Utahns cheer, jeer California gay-marriage ruling
St. George couple Derek Streeter and Stephen Eiche huddled over a computer Tuesday to check the news together: California's gay-marriage ban stands, but their union is safe.
"We wept a little," said Streeter, who married Eiche, his partner of 20 years, near San Diego last August. "We knew probably they would uphold the marriages -- so that's good -- but we were really sad for everybody else."
The California Supreme Court, in a 6-1 ruling, validated Proposition 8, last fall's voter-approved constitutional amendment forbidding same-sex marriage. But the justices voted unanimously to keep in place the 18,000 marriages that were performed last year when such unions were legal.
"Today's decision by the California Supreme Court is welcome," the Prop 8-backing LDS Church said in a news release. "The bedrock institution of marriage between a man and a woman has profound implications for our society."
But more than 300 Utahns rallied outside the Capitol building on Tuesday night to protest the court decision, waving rainbow flags and signs with slogans like "Repeal Proposition H8" and "18,000 a good start." They cheered two same-sex couples who wed in California last year.
"This means a lot to me and it gives me hope," Salt Lake City resident Martha Amundsen, who married "the love of her life," Lisa Altman, in San Francisco, told the crowd.
Recognizing the unions of 18,000 couples "was the right thing to do," said Matthew Landis, a member of the board of Utahns for Marriage Equality, which organized the rally. "But until all marriages are recognized, it's not good enough."
Gay and lesbian Utahns, he noted, have been especially interested in the California marriage issue because of the LDS Church's prominent role in the 2008 campaign. Mormons, including many in Utah, donated millions to bolster the successful ballot initiative after the church formally endorsed Prop 8.
"It's especially heartbreaking and disappointing for people here in Utah," Landis said, "because we know so much of the money to bring about Proposition 8 came from our own families and our own state."
Utahns kicked in $2.7 million to pass Prop 8. The LDS Church, as an organization, contributed close to $200,000 worth of support. Orem gay-rights activist Bruce Bastian forked over $1 million to fight the measure.
After Prop 8's passage, protests erupted outside LDS temples, including a 3,000-strong rally near the faith's iconic Salt Lake Temple. The Utah-based church then issued statements that, while it fought against gay marriage, it does not oppose certain legal protections for same-sex couples.
Those post-Prop 8 statements gave rise to Equality Utah's push for the Common Ground Initiative during the 2009 Legislature. But the three-bill campaign stalled on Utah's Capitol Hill amid arguments that such measures would take the Beehive State down California's slippery slope to gay marriage.
"What [the California ruling] makes clear," said Will Carlson, Equality Utah's public policy manager, "is that granting protections in the workplace and in housing and even hospital visitation and adoption [for gay couples] doesn't guarantee that marriage licenses are going to be the end result. California, among many states, offers all the protections we are looking for."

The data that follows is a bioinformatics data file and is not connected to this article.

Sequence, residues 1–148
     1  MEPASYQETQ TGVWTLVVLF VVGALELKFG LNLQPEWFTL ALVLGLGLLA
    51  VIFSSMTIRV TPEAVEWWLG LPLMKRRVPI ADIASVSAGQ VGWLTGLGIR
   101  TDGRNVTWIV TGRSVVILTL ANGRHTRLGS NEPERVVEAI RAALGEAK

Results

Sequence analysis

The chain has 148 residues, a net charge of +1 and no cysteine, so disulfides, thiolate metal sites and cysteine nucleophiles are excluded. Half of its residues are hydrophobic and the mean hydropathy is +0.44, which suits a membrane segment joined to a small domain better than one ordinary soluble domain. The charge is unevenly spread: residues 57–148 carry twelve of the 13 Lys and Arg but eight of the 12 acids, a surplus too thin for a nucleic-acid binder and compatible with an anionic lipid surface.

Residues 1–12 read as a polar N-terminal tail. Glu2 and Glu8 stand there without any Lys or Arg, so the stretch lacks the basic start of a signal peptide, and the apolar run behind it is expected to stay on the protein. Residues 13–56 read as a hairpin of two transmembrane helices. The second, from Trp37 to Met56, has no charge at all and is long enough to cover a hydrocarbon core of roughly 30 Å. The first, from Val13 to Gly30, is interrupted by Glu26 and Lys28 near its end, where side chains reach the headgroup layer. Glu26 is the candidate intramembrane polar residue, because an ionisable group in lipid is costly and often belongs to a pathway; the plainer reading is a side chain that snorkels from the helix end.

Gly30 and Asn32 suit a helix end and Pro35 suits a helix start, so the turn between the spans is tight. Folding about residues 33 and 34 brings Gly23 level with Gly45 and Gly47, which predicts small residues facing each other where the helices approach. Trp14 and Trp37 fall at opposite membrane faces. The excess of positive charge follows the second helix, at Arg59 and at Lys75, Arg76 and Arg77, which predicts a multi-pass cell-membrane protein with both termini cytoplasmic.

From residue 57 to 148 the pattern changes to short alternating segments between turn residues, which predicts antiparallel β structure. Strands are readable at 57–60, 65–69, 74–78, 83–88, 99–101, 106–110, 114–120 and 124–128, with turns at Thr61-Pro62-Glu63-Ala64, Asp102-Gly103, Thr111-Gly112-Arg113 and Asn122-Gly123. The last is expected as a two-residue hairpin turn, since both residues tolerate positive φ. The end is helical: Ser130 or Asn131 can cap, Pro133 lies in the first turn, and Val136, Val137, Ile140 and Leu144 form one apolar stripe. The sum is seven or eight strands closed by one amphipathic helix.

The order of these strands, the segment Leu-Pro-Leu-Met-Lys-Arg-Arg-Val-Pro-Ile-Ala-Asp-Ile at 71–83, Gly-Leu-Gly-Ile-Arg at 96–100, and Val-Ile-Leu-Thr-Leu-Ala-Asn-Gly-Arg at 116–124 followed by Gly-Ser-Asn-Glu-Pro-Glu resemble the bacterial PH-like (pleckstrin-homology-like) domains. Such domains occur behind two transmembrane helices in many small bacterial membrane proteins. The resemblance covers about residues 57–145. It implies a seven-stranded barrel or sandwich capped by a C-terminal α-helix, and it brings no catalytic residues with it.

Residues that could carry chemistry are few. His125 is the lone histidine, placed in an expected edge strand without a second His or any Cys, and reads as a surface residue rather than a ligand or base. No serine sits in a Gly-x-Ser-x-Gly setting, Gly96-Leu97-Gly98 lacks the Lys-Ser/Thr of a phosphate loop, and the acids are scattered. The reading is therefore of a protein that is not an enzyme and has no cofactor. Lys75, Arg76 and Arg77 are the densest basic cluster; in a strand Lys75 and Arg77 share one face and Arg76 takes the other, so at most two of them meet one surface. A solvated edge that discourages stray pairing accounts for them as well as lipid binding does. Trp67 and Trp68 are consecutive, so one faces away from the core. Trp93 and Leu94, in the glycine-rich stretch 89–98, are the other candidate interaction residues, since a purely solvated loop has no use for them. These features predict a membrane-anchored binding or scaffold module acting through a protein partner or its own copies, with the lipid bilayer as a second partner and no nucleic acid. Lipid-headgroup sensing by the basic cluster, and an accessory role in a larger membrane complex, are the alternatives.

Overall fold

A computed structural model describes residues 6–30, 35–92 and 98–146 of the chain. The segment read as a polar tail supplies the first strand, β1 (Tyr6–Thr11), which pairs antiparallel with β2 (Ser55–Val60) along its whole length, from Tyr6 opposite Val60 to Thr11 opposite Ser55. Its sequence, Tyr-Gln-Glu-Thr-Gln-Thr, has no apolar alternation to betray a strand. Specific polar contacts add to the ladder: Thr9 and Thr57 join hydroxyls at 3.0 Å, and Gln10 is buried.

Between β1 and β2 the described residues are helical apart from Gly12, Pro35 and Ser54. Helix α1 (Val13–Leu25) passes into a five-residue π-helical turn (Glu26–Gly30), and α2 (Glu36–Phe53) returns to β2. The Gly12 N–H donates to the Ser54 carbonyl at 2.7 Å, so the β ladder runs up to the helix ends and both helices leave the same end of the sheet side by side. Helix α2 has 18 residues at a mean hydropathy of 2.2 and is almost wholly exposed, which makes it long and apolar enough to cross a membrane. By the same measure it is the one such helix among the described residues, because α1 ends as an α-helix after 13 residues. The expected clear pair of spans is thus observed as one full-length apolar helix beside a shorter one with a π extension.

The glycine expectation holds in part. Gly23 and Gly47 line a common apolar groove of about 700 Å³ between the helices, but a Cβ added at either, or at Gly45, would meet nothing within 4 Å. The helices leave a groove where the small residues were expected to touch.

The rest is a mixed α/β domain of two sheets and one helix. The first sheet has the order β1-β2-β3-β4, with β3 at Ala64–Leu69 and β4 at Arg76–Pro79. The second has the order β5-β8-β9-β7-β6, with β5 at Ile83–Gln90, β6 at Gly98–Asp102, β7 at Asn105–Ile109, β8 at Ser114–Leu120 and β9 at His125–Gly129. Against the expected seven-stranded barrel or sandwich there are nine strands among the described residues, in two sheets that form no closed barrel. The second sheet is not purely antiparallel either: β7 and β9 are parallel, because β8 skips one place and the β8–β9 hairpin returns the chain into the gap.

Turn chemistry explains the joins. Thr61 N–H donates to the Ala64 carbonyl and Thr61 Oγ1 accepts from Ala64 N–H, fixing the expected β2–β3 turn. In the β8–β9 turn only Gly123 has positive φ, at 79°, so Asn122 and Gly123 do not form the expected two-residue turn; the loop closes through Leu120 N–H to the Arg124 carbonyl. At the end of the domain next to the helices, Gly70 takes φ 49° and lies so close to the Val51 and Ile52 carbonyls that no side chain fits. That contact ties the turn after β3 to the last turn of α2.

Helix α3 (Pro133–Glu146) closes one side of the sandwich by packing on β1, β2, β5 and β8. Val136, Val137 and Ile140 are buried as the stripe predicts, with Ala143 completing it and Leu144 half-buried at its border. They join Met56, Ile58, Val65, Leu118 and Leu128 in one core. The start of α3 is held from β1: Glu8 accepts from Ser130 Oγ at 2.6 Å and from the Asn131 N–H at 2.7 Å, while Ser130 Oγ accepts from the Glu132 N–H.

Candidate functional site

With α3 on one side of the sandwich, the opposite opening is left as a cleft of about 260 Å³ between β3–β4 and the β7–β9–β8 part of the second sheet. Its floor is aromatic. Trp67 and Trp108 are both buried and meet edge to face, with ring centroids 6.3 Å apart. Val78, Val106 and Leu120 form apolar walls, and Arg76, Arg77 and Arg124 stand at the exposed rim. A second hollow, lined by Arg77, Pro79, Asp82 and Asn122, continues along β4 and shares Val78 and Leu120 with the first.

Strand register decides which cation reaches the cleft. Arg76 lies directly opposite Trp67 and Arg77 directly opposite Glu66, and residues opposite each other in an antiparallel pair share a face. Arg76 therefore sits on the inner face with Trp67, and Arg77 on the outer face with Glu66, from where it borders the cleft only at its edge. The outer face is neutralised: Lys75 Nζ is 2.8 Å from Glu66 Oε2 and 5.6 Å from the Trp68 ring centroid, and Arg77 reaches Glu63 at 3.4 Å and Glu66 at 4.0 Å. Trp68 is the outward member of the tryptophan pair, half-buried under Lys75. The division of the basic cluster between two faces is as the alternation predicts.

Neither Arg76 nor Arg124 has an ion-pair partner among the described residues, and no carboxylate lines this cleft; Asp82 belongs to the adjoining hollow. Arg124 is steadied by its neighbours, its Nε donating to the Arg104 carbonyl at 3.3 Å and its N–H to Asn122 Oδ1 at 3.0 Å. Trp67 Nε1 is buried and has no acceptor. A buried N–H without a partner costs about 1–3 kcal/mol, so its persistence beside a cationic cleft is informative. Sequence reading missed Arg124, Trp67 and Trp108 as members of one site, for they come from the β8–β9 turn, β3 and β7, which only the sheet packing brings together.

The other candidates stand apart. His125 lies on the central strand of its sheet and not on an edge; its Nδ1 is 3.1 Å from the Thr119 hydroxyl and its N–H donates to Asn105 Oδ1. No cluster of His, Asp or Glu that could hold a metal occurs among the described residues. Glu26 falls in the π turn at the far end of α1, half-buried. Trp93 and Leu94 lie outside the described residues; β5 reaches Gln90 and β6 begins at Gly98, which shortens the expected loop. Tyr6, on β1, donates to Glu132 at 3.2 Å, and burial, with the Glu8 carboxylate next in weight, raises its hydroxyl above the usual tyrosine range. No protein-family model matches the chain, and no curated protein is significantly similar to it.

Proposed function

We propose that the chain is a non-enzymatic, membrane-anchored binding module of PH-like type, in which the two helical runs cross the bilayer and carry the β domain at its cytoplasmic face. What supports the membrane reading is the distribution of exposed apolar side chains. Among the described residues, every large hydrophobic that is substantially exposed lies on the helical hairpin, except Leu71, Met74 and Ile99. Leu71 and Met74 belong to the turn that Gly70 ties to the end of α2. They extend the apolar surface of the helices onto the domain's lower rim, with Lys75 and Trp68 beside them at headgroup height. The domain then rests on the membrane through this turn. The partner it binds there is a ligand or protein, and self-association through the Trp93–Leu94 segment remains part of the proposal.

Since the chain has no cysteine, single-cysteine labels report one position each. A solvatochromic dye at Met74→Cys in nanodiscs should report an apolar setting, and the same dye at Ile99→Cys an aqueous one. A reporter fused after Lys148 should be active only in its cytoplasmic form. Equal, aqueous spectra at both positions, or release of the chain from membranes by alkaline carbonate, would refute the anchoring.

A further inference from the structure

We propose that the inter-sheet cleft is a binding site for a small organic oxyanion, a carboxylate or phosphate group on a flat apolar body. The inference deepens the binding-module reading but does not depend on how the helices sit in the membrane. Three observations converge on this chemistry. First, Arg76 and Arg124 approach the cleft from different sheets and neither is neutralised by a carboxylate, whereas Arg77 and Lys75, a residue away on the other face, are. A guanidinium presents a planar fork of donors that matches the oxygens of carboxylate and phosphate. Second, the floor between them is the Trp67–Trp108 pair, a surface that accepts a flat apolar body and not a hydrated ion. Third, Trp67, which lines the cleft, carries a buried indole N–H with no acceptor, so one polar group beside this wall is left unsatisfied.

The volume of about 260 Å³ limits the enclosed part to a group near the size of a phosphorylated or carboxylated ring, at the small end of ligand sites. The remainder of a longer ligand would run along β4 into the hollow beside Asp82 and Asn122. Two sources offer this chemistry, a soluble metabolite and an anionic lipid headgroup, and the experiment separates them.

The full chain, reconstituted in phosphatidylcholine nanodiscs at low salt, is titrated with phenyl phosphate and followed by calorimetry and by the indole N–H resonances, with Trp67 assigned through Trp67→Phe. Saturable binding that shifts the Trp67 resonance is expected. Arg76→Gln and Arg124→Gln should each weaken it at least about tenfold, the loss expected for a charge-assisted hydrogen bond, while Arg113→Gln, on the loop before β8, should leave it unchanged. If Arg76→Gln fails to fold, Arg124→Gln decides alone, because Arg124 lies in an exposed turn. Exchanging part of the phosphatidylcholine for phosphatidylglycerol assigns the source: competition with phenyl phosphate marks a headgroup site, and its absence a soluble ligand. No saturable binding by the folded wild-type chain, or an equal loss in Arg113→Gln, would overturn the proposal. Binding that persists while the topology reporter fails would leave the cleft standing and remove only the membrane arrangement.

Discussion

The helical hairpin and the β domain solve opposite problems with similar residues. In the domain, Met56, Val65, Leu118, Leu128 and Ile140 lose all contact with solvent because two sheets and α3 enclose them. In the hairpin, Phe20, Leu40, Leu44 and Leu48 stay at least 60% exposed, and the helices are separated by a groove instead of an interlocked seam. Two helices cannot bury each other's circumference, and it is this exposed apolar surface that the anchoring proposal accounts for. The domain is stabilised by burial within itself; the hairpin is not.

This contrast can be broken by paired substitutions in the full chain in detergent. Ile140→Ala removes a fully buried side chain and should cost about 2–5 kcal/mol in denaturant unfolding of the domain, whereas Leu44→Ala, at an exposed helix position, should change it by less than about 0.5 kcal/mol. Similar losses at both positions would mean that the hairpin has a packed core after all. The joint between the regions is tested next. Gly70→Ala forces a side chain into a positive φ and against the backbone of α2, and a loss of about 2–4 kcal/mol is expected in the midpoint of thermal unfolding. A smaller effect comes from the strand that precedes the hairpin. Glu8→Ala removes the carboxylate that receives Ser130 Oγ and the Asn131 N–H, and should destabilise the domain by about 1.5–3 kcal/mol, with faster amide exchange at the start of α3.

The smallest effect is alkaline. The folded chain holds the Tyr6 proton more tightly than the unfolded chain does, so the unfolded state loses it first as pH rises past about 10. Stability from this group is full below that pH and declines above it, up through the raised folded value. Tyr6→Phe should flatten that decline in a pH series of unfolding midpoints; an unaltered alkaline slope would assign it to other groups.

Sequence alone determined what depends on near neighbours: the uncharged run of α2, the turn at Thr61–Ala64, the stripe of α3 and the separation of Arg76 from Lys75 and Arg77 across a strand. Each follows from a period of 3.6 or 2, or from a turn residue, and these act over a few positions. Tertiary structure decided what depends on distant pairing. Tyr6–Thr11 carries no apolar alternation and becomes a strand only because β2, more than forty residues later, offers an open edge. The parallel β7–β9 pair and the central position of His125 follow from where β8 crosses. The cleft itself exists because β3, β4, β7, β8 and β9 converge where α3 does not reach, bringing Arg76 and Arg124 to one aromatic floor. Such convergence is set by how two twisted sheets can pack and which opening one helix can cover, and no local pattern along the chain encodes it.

Utah has a constitutional ban on gay marriage, Amendment 3, that voters approved by a 2-to-1 margin in 2004.
Bill Duncan, director of the Lehi-based Marriage Law Foundation and a supporter of Utah's amendment, called California's ruling "gratifying."
"It protects not only the idea of marriage, but also the rule of law," Duncan said. "People can use existing law to make public policy without judges overturning the people's decision for no other reason than they disagreed with the people's judgment."
The ruling is especially heartening, Duncan said, after a string of states -- Iowa, Connecticut, Vermont and Maine -- recently joined Massachusetts in legalizing gay marriage.
"There's been the argument out there that it's kind of inevitable that marriage is going to be redefined," he said. "This makes it clear that, when voters have a chance to have their say on the question, they understand that marriage [between a man and a woman] is valuable and worth preserving."
But California activists have pledged to repeal Prop 8 by putting gay marriage on the ballot as soon as 2010.
"This time, the [gay-marriage advocates] are going to make sure everyone understands what they're voting for," Streeter said. "Ultimately, it will pass."
The California Supreme Court, combining three lawsuits, ruled that:
Proposition 8, last fall's voter-approved gay-marriage ban, followed the proper process and is a valid constitutional amendment.
The state will continue to recognize about 18,000 same-sex marriages performed from June to November 2008 - when such unions were legal. The amendment is not retroactive.
Gay-rights advocates in California hope to repeal Prop 8 by putting the question to voters again. To place the issue on the June 2010 ballot, Bloomberg News reports, they have to gather 700,000 signatures by Sept. 25.